CHANGES ARE LIKELY TO ADD COSTS TO OTHER FIRMS, WRITES ALAN TOVEY
Volkswagen will take a NZ$54 billion to $60 billion hit from the scandal over rigged emissions tests, according to motor industry analysts.
UBS’s experts are predicting the bill for legal costs, settlements with regulators, recalls to modify engines and vehicle buybacks will hit $60 billion, while Societe Generale (SG) puts the cost at $54 billion over two years.
Last year the auto giant posted a pre-tax profit of $25 million on global sales of $343 million, meaning that the cost of cleaning up after the scandal could push VW into the red for its next two sets of results.
This is before the damage done to VW’s sales caused by the company’s admission it installed software in up to 11 million diesel vehicles which allowed them to trick pollution tests.
The company has already set aside $11 billion to deal with the costs, but SG’s estimate suggests further huge provisions will have to be made.
In a note describing the company as going “from too big to succeed to too big to fail”, UBS analysts said they “appreciated the uncertainty” around the company but questioned the downside the market is pricing in.
“VW’s corporate behaviour is inexcusable, but it has helped trigger an industry and political crisis by putting what we consider an overdue spotlight on the growing gap between test and real emissions in the EU,” they added.
SG also examined how contagion from the scandal could impact other parts of Germany’s economy.
According to their analysis, the car sector represents 5.6 per cent of Germany’s annual GDP.
“Beyond VW, other carmakers have not acknowledged any wrongdoing,” the analysts said.
“Our baseline scenario assumes that the scandal will not spread beyond VW, but changes in regulations are likely to add costs also to other diesel car manufacturers.” SG said it expected VW’s diesel sales to suffer a “significant short-term dip”, but added this was unlikely to do too much harm to other European car manufacturers. “While VW is clearly facing a major challenge, the macroeconomic effects on Germany and the euro area are less clear-cut and depend very much on how consumers react by switching into other fuel types or into non-German and non-euro area brands.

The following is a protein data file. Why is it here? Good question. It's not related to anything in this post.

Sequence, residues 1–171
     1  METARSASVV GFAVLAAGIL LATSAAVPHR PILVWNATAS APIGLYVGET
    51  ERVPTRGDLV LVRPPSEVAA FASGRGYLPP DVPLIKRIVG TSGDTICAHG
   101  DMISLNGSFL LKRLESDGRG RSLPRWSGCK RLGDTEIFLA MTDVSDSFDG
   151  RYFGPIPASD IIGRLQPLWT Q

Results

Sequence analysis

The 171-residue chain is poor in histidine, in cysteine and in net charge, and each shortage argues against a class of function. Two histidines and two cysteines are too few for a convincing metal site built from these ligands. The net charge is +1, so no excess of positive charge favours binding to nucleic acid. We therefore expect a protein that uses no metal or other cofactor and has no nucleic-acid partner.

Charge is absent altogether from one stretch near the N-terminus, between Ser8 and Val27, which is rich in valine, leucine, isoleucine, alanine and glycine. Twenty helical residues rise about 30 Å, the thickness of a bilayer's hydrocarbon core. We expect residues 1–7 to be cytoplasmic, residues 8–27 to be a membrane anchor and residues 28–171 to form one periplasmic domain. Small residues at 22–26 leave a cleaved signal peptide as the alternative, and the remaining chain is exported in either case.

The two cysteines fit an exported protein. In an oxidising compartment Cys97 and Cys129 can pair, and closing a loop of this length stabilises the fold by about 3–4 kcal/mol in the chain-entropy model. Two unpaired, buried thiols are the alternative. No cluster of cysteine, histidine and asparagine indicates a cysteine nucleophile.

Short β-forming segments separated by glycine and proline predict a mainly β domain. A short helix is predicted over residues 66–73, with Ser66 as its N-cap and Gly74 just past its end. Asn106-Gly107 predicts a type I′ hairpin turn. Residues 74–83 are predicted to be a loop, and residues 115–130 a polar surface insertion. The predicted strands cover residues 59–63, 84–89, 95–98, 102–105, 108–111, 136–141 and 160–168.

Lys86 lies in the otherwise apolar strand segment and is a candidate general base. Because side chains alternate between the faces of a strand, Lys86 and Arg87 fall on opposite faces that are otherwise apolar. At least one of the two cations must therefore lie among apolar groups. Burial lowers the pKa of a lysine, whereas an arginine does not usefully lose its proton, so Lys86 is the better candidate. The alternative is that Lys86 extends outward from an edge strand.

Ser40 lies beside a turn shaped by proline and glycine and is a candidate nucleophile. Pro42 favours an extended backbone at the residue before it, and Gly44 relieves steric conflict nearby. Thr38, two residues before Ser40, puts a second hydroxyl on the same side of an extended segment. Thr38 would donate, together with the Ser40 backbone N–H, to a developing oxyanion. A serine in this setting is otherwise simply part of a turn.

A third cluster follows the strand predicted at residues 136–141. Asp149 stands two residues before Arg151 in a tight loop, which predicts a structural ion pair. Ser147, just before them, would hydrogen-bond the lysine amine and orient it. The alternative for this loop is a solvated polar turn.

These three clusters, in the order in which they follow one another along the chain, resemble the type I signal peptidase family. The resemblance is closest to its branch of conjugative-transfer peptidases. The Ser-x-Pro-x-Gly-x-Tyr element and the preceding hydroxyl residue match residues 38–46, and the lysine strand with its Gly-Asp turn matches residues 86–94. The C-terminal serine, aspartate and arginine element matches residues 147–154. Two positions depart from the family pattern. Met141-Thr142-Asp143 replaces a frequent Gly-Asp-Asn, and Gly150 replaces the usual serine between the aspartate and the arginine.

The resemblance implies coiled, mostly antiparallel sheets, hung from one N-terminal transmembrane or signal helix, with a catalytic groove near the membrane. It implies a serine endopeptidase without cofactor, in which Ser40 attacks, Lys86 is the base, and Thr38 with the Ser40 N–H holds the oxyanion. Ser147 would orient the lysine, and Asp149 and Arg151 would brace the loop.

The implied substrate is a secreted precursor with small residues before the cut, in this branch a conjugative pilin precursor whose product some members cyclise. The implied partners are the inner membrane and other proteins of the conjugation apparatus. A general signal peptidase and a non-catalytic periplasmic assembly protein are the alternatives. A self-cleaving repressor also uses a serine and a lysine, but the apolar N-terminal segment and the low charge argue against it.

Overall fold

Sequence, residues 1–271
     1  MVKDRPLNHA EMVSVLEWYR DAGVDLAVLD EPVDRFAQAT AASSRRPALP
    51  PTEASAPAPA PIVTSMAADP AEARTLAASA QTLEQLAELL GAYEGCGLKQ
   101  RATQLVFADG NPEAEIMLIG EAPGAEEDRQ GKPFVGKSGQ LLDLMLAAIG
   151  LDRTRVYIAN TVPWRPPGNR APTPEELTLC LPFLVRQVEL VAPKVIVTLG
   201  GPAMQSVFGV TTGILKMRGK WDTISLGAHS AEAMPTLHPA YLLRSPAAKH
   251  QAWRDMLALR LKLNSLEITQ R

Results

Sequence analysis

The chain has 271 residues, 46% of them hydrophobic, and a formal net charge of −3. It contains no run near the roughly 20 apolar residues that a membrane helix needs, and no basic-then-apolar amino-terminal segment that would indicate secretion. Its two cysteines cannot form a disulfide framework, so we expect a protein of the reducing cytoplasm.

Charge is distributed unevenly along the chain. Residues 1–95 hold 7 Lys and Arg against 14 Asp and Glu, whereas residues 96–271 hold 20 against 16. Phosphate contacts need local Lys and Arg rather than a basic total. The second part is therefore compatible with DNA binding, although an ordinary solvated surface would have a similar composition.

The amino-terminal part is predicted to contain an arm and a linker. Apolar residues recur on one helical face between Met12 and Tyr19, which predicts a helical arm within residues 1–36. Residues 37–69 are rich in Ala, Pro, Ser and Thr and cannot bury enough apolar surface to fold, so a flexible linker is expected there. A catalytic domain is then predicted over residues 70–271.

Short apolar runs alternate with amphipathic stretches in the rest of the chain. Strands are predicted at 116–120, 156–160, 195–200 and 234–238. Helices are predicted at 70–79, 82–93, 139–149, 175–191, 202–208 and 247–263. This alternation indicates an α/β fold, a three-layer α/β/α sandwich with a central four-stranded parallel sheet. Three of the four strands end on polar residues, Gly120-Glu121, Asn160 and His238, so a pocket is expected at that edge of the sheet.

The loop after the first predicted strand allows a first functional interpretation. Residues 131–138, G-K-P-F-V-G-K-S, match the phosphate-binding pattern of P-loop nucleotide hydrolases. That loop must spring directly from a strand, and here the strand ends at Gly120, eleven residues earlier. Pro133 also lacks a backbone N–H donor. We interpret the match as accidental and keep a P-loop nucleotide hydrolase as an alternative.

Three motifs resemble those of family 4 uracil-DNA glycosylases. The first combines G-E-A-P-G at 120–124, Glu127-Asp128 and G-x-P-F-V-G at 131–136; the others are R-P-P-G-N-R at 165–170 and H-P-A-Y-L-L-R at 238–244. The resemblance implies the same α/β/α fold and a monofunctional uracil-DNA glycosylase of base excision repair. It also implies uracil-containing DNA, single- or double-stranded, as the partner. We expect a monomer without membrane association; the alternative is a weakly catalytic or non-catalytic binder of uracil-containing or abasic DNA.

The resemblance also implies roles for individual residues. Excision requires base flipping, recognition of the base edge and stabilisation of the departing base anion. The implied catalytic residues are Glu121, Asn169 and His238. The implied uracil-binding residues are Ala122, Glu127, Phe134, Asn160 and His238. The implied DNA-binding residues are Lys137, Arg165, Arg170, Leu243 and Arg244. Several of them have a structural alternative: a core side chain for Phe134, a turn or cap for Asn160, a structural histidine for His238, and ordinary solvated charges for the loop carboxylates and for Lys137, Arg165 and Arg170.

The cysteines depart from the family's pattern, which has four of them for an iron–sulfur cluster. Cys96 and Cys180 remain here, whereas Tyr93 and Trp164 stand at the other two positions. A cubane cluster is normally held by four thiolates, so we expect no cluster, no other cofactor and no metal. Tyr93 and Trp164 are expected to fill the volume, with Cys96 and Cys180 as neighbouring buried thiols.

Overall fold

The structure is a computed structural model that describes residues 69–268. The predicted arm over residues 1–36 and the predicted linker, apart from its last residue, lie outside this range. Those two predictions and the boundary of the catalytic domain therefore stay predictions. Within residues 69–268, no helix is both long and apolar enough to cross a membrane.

“We assume that for now, until the regulatory framework becomes clearer, the main impact will be a severe blow to the VW diesel brand, due to the admitted cheating, with consumers mostly switching over to other German-made and European cars, as well as petrol cars.”
They added that only a relatively small number of motorists would shy away from European marques and pick foreign manufacturers as a result of the scandal. On a wider economic basis, the scandal could deliver a short term boost to the economy.
“History suggests that economic activity is boosted in the near-term after a disaster or an accident,” the analysts said.
“In the case of the car sector, international experiences of similar episodes point to higher activity such as when Toyota had to recall nine million vehicles between 2009 and 2011, or when GM recalled 27 million vehicles in 2014.
“Indeed, the recall or the change of vehicles itself will generate more economic activity [service production] in the coming months.”
However, this could be offset by lower production rates as demand for new cars drops in the wake of the crisis at VW.
This could have a greater impact on the wider Germany economy as sectors such as metal production, textiles, and legal, accounting and marketing, which feed into car makers, take the country’s dependence on the auto industry up to about 8pc of German GDP.
In the long-term, a bigger threat to the growth of German car makers is likely to be the slowdown in China “irrespective of the VW scandal”, according to SG.